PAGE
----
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The theory that California has evolved into a two-tier society is getting another dose of statistical support from a new nationwide survey of family economic security.

The Washington-based Corporation for Enterprise Development (CFED) found that Californians rank 38th among the states in economic security by such indices as poverty rate, savings, and net worth. It means, CFED's report said, that nearly half of California residents have no savings on which to rely in the event of job loss, illness or "other income-depleting emergency."

The state would rank even lower were the federal government to adopt a proposed new standard of gauging poverty. Under the current system, which is reflected in the CFED report, the state ranks 29th in poverty rate at 14.6 percent, but under the proposed new system, which takes into account living costs and other factors, the state would have the nation's highest poverty rate.

The detailed section of the report on California cites as major factors in the state's low economic security ranking its high level of average credit card debt ($13,825; ranked 48th) and its high bankruptcy rate, 6.2 per 1,000 residents, nearly 50 percent higher than the national rate (ranked 45th).

The state also ranks 49th in home ownership and the same level in the percentage of household income devoted to rent or house payments. Meanwhile, the Census Bureau also released a new report on home ownership, confirming that California has one of the nation's lowest levels of living in owner-occupied homes and revealing that the state's large population of foreign-born residents are less likely than those in other states to own homes.

Nationwide, the Census report said, 51.5 percent of foreign-born Americans live in owner-occupied homes, but among California's nearly 4 million foreign-born households, it's 47.9 percent, the seventh-lowest rate among the states and the District of Columbia.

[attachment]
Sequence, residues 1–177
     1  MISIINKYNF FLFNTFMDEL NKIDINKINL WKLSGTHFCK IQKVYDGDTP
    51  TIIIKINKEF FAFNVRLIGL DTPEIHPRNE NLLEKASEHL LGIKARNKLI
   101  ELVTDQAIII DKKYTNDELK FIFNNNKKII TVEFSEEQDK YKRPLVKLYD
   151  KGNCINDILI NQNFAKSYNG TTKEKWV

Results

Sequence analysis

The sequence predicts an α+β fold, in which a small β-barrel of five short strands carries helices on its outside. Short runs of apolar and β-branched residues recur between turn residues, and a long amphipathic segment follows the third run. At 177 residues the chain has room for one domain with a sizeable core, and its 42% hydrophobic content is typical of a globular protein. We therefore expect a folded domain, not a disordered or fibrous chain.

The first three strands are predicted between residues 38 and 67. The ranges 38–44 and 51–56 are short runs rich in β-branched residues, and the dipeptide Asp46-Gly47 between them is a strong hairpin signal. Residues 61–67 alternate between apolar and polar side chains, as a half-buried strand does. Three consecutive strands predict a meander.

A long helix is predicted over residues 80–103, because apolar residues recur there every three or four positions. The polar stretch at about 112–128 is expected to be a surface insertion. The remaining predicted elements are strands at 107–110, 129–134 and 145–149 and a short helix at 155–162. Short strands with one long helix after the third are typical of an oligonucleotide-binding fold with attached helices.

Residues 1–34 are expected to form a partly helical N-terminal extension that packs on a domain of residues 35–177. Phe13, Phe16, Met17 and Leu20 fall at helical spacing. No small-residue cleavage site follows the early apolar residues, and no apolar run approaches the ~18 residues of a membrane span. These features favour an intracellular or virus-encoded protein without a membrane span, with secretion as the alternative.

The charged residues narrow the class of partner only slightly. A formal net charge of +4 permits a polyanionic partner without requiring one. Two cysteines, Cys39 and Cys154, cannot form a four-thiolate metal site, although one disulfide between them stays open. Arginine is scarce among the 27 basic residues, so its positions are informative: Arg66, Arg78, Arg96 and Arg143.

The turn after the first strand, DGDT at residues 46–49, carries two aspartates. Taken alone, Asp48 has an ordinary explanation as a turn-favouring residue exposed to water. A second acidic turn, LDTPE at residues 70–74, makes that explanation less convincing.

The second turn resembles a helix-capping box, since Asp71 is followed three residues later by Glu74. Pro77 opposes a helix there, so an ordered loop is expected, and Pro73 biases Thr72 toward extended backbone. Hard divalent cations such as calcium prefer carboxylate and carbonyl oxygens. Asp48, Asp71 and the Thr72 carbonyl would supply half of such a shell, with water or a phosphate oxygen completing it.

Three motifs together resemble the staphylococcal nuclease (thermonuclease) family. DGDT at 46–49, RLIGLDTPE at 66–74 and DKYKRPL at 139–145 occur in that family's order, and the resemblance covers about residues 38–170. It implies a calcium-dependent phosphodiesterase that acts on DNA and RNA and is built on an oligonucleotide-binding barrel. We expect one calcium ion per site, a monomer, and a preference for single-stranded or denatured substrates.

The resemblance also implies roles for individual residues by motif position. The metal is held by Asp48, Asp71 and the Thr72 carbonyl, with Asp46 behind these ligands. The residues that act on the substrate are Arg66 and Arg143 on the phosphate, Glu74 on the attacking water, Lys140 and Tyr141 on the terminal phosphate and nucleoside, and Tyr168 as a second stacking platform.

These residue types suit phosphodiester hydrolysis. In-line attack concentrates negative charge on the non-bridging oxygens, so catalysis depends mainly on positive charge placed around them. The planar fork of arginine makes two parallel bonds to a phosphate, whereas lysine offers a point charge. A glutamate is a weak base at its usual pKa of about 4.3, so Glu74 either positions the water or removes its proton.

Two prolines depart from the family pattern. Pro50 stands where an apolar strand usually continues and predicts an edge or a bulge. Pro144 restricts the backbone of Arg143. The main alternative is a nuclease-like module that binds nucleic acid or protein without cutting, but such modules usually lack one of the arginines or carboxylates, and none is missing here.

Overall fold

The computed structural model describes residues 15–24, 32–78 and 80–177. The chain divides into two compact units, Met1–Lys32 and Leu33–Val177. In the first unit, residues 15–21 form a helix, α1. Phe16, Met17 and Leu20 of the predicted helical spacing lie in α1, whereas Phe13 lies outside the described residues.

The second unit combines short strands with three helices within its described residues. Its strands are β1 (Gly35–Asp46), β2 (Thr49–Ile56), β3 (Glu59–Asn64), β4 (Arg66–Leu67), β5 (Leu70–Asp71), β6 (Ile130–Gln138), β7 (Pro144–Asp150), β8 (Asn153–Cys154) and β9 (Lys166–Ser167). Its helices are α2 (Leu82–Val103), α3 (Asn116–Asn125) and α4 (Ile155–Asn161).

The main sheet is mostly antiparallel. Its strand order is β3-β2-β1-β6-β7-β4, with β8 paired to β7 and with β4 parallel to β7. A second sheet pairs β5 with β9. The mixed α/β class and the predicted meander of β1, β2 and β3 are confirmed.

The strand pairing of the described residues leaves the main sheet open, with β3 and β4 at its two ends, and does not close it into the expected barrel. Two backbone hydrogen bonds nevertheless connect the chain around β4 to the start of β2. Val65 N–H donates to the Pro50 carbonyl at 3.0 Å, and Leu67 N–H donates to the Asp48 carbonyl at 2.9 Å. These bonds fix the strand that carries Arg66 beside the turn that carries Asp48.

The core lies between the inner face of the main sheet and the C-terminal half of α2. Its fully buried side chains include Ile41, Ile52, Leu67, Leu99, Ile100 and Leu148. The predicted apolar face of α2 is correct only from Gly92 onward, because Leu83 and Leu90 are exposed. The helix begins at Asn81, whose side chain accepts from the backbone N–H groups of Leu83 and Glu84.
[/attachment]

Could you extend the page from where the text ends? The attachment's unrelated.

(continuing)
The state's brighter points in the CFED report include a No. 10 ranking in very small business (micro-enterprise) ownership, 18th and 15th places in possession of two- or four-year college degrees, and low levels of college debt, thanks to the state's historically low costs of obtaining higher educations.

The state's wide economic disparities include the finding that white households have 10 times the net worth of non-white households and that Californians in the top quintile of income have 147 times the net worth of those lower on the economic totem pole, while the national rate is 68 times.

The "asset poverty rate" - a measure of family wealth - is twice as high for non-white households as it is for white-headed families, the study also found, and the disparity is similar in the "liquid asset poverty rate."

The report recommends that California deal with the gaps in economic security by providing more assistance to first-time homeowners, protecting consumers from predatory lending, encouraging savings by public assistance recipients, spending more on K-12 education to raise its comparatively low high school graduation rates and creating "strong systems for teacher evaluation and retention."


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